Amicable Divorce: 4 Tips for Keeping Good Communication

Keeping good communication

So you’re committed to an amicable divorce. Congratulations! Maintaining a friendly relationship with someone who used to be your spouse is never easy. It’s worth doing, especially when there are kids involved. No matter your intentions, an amicable divorce can turn nasty quickly – usually due to poor communication. Keep your split civil with these simple tips.

Put Things in Writing

Even when things are amicable, divorce can cause a lot of tension. When your emotions are raw, it’s too easy to say something cruel or nasty to your ex without thinking it through. Relying a lot on written communication is one way to minimize the chance of saying something you regret.

Make an agreement to communicate regularly by email, especially about sensitive topics. This gives you both a chance to express everything you want to say without interrupting each other. It might also be easier to be kind to each other in writing than it is in person.

For example, maybe you really disagree about the holiday schedule. Write out a full proposal about what you want to happen and why you think it’s fair. Include some language about how you know you’re both motivated to spend time with the kids, and that you want to make the holiday schedule work for all of you. Reread the email before sending it to make sure it’s calm and polite. Your ex can process everything you said before responding.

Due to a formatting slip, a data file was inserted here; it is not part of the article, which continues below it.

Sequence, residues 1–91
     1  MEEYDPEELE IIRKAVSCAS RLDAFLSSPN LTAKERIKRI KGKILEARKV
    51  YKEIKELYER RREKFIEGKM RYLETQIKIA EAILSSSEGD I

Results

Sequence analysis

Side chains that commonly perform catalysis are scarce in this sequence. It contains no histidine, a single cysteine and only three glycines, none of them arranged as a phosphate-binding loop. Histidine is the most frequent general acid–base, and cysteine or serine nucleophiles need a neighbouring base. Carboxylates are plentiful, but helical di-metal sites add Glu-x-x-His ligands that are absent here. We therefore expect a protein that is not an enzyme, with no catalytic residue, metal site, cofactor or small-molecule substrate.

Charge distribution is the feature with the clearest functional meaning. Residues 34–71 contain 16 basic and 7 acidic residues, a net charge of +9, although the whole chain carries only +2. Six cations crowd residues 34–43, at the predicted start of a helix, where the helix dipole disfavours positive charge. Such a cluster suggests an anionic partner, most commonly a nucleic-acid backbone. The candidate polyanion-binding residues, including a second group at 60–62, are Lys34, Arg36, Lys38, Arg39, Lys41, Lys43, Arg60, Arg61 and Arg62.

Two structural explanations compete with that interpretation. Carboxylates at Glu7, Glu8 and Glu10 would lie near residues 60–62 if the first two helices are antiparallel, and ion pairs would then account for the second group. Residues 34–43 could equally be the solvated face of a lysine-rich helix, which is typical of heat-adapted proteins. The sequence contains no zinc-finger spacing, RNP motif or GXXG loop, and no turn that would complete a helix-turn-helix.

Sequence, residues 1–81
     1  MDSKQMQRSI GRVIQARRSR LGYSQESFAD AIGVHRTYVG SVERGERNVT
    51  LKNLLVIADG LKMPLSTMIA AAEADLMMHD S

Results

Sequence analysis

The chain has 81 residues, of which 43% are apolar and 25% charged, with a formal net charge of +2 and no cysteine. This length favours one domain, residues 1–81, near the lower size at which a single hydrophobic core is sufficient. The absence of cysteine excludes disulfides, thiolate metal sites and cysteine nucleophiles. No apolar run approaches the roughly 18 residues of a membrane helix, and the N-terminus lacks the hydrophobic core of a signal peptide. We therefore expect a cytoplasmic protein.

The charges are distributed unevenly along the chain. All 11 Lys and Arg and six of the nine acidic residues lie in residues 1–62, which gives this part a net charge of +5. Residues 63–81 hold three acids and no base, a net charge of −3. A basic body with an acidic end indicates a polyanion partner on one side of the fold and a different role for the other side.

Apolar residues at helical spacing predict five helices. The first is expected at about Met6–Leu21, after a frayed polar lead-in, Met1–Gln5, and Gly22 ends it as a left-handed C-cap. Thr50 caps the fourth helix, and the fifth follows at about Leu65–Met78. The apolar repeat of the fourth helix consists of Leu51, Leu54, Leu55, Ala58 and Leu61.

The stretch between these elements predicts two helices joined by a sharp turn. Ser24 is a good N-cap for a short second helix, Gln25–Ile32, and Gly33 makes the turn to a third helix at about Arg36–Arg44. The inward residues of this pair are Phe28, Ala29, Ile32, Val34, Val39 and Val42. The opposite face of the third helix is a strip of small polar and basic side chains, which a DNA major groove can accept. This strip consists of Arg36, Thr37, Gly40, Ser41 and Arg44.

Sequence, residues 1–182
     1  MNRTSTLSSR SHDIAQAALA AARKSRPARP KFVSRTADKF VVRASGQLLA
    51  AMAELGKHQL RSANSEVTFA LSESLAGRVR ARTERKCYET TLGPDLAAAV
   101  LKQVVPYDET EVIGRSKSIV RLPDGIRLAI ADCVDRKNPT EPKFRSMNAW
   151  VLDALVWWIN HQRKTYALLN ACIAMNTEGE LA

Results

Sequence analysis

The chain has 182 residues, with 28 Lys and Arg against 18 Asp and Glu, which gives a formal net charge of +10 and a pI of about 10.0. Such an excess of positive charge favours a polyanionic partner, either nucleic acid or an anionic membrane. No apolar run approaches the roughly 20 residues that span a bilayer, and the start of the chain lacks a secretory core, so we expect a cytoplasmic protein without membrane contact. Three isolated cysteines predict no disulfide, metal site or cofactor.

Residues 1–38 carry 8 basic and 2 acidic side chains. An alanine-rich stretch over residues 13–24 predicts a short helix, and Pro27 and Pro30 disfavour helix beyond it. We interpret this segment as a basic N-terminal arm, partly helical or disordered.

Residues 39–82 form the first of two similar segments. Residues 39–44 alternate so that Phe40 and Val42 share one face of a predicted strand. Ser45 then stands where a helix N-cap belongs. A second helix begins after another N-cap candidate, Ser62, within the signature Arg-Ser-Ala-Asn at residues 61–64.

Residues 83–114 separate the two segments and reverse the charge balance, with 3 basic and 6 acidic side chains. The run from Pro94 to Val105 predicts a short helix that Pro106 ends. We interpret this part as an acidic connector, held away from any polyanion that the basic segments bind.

Schedule Checkins

When you were married, you crossed paths every day. It was easy to exchange information and compare notes about something going on with the kids. Now that you’re divorced, staying on the same page takes real effort. Things that you should remember to tell your ex could slip your mind, and vice versa. Then the blame game starts.

That’s why it’s so useful to schedule regular just-because checkins. These could be weekly phone calls, or biweekly emails, or whatever works for your family and your needs. Use each checkin as a time to touch base about any issues going on with the kids, and to look ahead to any challenges that might be coming up for them. Even better, meet up in a neutral place like a coffee shop and talk face-to-face so your kids know you can still be friendly.

Be Honest With the Kids

While you’re focused on having good communication with your ex, don’t forget about communicating with the kids. Having an amicable divorce is great for children in a lot of ways. They’re spared the fighting and tension that kids of nasty divorces live through. But watching their parents go through an amicable divorce can be really confusing for kids, too. If Mom and Dad get along so well, why are they getting divorced? Is it my fault? And if they’re still friends, can I get them back together?